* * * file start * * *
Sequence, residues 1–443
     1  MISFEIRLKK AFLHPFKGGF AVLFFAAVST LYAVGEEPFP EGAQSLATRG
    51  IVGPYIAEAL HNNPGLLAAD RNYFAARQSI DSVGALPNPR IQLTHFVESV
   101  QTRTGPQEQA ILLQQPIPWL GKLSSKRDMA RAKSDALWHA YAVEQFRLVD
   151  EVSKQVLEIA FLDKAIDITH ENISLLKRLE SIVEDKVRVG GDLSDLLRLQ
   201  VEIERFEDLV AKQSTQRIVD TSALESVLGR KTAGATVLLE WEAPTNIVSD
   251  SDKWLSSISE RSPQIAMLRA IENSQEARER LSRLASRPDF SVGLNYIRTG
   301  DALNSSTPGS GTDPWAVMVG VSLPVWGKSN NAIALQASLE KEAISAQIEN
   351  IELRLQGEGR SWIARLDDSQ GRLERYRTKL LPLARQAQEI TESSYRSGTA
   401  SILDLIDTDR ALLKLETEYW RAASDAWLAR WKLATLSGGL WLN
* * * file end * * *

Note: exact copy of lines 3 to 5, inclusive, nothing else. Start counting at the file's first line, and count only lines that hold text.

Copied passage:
    51  IVGPYIAEAL HNNPGLLAAD RNYFAARQSI DSVGALPNPR IQLTHFVESV
   101  QTRTGPQEQA ILLQQPIPWL GKLSSKRDMA RAKSDALWHA YAVEQFRLVD
   151  EVSKQVLEIA FLDKAIDITH ENISLLKRLE SIVEDKVRVG GDLSDLLRLQ